Movies & TV / Columns

Looking At Once Upon a Time in Hollywood’s China Trouble

October 19, 2019 | Posted by Steve Gustafson
Once Upon a Time in Hollywood Bruce Lee

Quentin Tarantino is no stranger to controversy. From violent content and strong language to foot fetishes, you know what you’re getting when you see a Tarantino movie. 

Now Mr. Tarantino finds himself with a new enemy and it’s one that’s getting a lot of attention: China. 
Seems China has canceled the release of Tarantino’s latest, Once Upon a Time in Hollywood and a daughter of an icon looks to be to blame. 

“Sources” have told The Hollywood Reporter that Bruce Lee’s daughter, Shannon Lee, made an appeal to China’s National Film Administration for changes to her father’s portrayal in the movie.

In response, the movie’s China backer Bona Film Group is said to be working with Tarantino on a new cut to save the release but no word on if Tarantino will bow to the pressure.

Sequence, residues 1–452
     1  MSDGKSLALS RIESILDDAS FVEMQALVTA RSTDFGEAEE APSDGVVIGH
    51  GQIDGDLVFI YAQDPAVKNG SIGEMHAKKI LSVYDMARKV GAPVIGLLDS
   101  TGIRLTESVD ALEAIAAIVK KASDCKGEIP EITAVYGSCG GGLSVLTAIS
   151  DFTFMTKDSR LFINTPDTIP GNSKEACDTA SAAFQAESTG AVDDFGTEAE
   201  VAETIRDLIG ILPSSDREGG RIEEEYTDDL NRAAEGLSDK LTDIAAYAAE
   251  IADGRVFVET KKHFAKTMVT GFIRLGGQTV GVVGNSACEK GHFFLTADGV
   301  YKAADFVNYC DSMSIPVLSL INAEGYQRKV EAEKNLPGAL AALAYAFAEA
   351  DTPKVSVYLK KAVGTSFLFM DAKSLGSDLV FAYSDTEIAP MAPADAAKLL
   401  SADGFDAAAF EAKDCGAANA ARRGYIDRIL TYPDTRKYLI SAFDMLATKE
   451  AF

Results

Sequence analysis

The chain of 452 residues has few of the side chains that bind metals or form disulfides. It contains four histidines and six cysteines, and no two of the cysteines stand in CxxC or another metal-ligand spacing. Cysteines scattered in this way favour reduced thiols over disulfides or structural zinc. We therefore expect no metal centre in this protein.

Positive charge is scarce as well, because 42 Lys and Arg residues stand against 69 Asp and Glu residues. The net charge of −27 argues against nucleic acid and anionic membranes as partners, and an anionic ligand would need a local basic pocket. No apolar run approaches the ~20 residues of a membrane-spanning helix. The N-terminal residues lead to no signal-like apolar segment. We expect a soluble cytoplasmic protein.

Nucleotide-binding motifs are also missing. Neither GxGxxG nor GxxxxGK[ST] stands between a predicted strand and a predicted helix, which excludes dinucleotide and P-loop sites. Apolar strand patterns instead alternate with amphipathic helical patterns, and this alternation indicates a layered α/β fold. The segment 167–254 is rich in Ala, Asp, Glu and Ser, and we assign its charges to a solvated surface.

The critically acclaimed movie, starring Leonardo DiCaprio and Brad Pitt, had previously been scheduled for an October 25th release but, according to The Hollywood Reporter, “multiple sources close to the situation in Beijing” who have all asked to remained nameless, have confirmed movie is on hold. 

Once Upon a Time in Hollywood would have been Tarantino’s first proper movie release in China, and had high expectations for a healthy box office that would have pushed the film past the $400 million mark. Before this, Tarantino’s Django Unchained had received permission to open in China but in an odd move, was pulled from theaters across the country minutes into its opening night. After some major cuts to the violence, it was given a small release but, thanks to bootlegging, didn’t do much for the box office. 

As for Once Upon a Time in Hollywood, according to the “sources”, Shannon Lee, who has gone on record repeatedly about her father’s portrayal in the movie, contacted China’s National Film Administration, demanding that they demand changes to the movie and her father’s onscreen portrayal.

This all comes at an interesting time as China faces myriad charges of oppression and censorship against its media and entertainment. 

Should Tarantino change his movie to appease China? Was Shannon Lee right in asking those demands be made? I should note that Lee’s involvement has not been confirmed, so before spewing anything in her direction, keep that in mind. 
Comment below!